Nick Levin, son of Ira Levin, discusses the conception and writing of the novel “Rosemary’s Baby,” including a surprising possible inspiration for Minnie, and some alien origins.
Download the file here: Episode 10: BIRTH OF A BOOK
The cover of the first edition of “Rosemary’s Baby.”
The lamp near Rosemary’s bed which, as discussed, almost seems to reflect the Alwyn, a famous building in New York City that was part of the inspiration for the Bramford.
From my visit, a copy of the first edition of “Rosemary’s Baby” with a reader review, sent to Ira Levin.
From my visit, Ira Levin’s personal copy of “Dracula.” The Bramford is named after Bram Stoker.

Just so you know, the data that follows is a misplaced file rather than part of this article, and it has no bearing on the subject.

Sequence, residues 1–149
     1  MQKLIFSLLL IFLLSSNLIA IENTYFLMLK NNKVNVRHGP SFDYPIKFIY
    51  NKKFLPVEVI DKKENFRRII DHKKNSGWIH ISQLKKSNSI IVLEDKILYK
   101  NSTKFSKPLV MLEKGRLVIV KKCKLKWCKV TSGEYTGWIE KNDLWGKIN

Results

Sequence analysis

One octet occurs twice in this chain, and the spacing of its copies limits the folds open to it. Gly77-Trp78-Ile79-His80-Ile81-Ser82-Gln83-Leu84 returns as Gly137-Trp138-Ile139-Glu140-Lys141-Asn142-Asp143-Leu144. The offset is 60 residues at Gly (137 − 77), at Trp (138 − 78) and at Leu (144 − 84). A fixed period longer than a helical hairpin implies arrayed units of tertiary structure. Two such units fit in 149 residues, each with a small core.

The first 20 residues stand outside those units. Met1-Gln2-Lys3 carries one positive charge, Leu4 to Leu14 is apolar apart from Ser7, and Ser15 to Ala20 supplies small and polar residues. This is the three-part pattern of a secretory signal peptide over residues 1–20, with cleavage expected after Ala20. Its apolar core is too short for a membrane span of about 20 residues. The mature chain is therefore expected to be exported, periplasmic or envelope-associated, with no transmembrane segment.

A bio from the Playbill from Levin’s 1962 play “General Seeger.” It mentions that he is working on a novel called “In a Dark Tower.” This was the working title for “Rosemary’s Baby” at its inception.
From Nick Levin’s collection. The novel “Secret Ceremony” was deemed “More haunting than Rosemary’s Baby.” The film version starred Mia Farrow and was released the same year as “Rosemary’s Baby,” in a rush to capitalize on the former’s success.
Promotional photos from a filmed version of the Ira Levin 1954 short story “The Underground Gourmet,” which featured the devil as a character. The story was shot for the General Electric Theater on CBS television, and starred Ronald Reagan, Sid Caesar, and Patricia Barry.